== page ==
Party-list representatives file a resolution seeking to investigate the troll farms allegedly organized by a government official. Lawmakers say trolls are paid as much as $38,000 to $57,000 per month to interfere in political opinions and decision-making. Senator Panfilo M. Lacson earlier disclosed that an undersecretary tapped his former staff to create at least two troll farms. Read more here.
Teachers in the Philippines have waited for as long as two years for the release of their performance-based bonus (PBB), a teacher’s group says. The DepEd said on Tuesday that public school teachers received their benefits on time. The Alliance of Concerned Teachers (ACT) dismissed this statement as a “blatant lie”. Read more here.
The International Fact-Checking Network (IFCN) held a panel at Poynter on Tuesday, June 15 to discuss how to fact-check elections. Ghana Fact trained more than 30 newsrooms to set up fact-checking teams that knew how to use digital tools to flag misinformation. In Brazil, Agência Lupa trained media, fact checkers, and social media platforms to quickly counter misinformation. Read more here.
The Commission on Elections (Comelec) has ruled out the possibility of online voting for overseas Filipino workers (OFWs) in the 2022 elections. The Commission is talking to three technology providers which will conduct “internet testing in the next couple of months,” namely Voatz, Indra, and Smartmatic. Senator Francis Tolentino said last week that seafarers have had a hard time casting their ballots in past elections. Read more here.
PLDT blocks more than 10,000 links to online child abuse materials, including 4,500 URLs and domains tied to online sex abuse and exploitation of children (OSAEC). PLDT said it is able to accomplish what it called its “biggest haul yet”, thanks in part to its partnership with UK-based Internet Watch Foundation (IWF) which began in April. The company said that British intelligence confirmed with them that the majority of patrons of illicit child abuse material are from developed nations in the Americas and Europe. Read more here.
Globe Telecom Inc. collaborates with government and content providers to create an “appropriate site-blocking mechanism” in the Philippines. The telco is also investing in piracy detection technologies for more efficient monitoring and takedown of illegal sites. Read more here.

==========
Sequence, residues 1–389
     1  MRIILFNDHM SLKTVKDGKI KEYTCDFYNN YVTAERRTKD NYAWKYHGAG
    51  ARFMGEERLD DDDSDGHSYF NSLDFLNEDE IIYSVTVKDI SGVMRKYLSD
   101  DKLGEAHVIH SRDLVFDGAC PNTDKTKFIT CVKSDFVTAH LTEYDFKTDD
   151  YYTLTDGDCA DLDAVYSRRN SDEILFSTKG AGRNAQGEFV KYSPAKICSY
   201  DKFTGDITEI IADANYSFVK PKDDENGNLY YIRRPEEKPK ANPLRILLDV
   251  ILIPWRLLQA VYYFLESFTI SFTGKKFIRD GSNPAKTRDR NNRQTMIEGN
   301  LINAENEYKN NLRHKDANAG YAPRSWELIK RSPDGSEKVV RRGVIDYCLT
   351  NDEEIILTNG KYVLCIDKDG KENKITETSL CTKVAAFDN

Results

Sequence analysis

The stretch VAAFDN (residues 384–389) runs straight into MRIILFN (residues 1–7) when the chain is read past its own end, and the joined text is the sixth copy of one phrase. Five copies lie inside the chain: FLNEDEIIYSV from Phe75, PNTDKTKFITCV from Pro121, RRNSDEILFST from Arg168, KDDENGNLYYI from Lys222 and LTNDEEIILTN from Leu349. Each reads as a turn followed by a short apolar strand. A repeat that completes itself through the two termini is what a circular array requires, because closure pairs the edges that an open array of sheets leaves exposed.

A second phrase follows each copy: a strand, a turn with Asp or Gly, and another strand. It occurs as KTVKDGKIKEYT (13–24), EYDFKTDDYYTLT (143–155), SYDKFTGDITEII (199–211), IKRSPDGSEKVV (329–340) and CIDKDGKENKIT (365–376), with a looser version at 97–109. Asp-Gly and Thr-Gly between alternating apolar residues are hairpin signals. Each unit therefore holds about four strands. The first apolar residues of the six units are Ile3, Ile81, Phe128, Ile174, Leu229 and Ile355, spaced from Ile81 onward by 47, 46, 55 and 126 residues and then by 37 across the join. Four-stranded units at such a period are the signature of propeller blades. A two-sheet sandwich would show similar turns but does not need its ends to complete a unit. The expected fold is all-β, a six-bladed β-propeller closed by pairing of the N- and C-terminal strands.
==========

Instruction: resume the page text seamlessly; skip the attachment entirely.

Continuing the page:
A Singapore-based shared communication fiber network provider tapped by the government for a fiber optic cable network project sees cheaper internet costs in the country by yearend. The company has so far invested $500 million in the project, which will be implemented in various phases between 2019 and 2028. Despite the pandemic and the lockdowns that have placed limitations on mobility, the company is confident they are on track with the plans and timelines. Read more here.
The Securities and Exchange Commission (SEC) said it will revoke licenses of lending and financing companies that continue to fail to register and disclose their online lending platforms (OLP). The agency issued the stern warning in a notice dated June 22, as it continues to cleanse the roster of OLPs catering to Filipino borrowers. Read more here.
Bangko Sentral ng Pilipinas (BSP) has approved the guidelines on the Open Finance Framework. The framework is seen as a key enabler for digital transformation and financial inclusion in the local finance industry. Under the framework, consumers will have the power to grant access to their financial data that will shape a customer-centric product development objective. Read more here.
Swedish digital forensic group Qurium Media Foundation recorded “brief but frequent” distributed denial of service (DDOS) attacks against Bulatlat.com, altermidya.org, and karapatan.org. Qurium found at least five attacks against the three groups — on May 17, May 18, May 20, and two on June 6. It said the attacks were carried out by the Department of Science and Technology (DOST) and the Philippine Army. The three groups denounced the cyberattacks as politically motivated and state-sponsored. Read more here.